If you buy your metate second hand watch out. Normally they are sold if the mano (the grinder) has broken which, amazingly, it does. Then the vendor adds a new mano. This often does not fit the metate well and you have to work twice as hard. So it’s perhaps better to buy new. And here watch out too. At La Merced, the main market in Mexico City, they sell metates made of concrete. Not good news. Check it’s real stone. And I have reason to believe that those made with traditional metal picks are much better than those made with electric drills because there is less likelihood that bits of stone break off and get into the digestive system. But I need to do a bit more work on this. Once you’ve picked out a metate, begin by using an electric drill fitted with a metal brush to remove bits of stone, not traditional but effective. Then go to the old-established custom of grinding rice until it comes clean.
Now your grindstone and grinder (mano or hand as it is called in Spanish), the brush to clean the metate, bucket of nixtamal, bowl of water, bowl to hold the masa, and a towel to cushion your knees.
Fifth. Grinding itself. Take a heaping handful of nixtamal and put it an inch or two from the high end of the metate. Take the mano in both hands, holding it near the ends, thumbs pointing back toward you. Now push down on the mano moving the maize forward in a shearing action, giving the mano a little twist upward at the end of the stroke. No rolling. The maize will have moved down the metate a little. Lift the mano, and start the process over. After a few strokes (ha! this is hard work as the weight of your body is doing the work), the maize, now white and streaky, will be close to the lower end of the metate. With the fingers of the right hand, pull the mass together and move it back to the upper end of the metate. End of pass one.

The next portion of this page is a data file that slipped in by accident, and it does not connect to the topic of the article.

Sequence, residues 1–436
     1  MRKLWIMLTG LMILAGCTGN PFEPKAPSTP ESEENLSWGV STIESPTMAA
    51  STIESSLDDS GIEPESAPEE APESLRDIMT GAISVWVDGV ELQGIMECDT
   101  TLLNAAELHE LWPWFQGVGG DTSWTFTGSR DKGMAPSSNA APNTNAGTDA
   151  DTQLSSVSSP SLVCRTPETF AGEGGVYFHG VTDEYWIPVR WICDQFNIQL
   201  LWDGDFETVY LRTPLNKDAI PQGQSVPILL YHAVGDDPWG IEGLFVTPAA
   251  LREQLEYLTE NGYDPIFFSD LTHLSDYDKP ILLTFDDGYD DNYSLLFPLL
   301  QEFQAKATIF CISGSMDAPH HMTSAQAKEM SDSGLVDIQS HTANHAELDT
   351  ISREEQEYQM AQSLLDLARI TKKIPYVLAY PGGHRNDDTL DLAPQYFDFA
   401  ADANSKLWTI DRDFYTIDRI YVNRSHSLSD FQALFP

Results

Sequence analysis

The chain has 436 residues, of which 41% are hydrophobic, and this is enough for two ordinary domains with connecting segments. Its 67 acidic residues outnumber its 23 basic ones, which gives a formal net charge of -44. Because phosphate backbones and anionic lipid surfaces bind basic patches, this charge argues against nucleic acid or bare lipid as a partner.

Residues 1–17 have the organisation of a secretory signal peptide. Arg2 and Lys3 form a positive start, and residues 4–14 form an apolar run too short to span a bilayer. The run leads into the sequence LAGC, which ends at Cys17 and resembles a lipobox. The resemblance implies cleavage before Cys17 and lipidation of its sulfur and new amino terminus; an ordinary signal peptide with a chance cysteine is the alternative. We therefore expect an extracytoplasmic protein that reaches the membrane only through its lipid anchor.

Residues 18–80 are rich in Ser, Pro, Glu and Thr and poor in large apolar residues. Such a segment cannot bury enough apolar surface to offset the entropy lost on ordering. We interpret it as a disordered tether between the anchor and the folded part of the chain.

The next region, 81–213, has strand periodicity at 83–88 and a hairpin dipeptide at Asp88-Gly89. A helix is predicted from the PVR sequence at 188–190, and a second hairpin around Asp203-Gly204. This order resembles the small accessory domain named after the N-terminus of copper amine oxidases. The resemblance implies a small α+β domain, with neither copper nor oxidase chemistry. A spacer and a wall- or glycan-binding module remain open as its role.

(This is actually pineapple, a breeze to grind, but it is a place holder until I find my masa grinding photos).
To make masa fine enough for tortillas, you will need five passes, maybe more if you are a novice. If as you grind, the maize-masa gets out of place use those backward facing thumbs to corral it back. You will now have enough masa for one or two tortillas.
So forget that you are getting dizzy, feeling slightly sick, and that every muscle is quivering. Think that you will never ever have to go to the gym again if you keep this up. Think about the joys of modern civilization. Think you’re glad you weren’t born a Mexican woman in the past.
You might actually consider making gorditas which don’t require such a fine grind for your first go.
About half an hour should be enough to give you masa to make about ten tortillas, enough for one working person for one day (have to check these figures).
Use a tortilla press to make them (no one I’ve met has ever suggested that patting makes a better tortilla). I know, I know, this needs instructions too, but enough for one post. But if you make it to the end, rejoice in one of the most fragrant delicacies you will ever encounter, sheer toothsome deliciousness, food of the gods if ever there was one.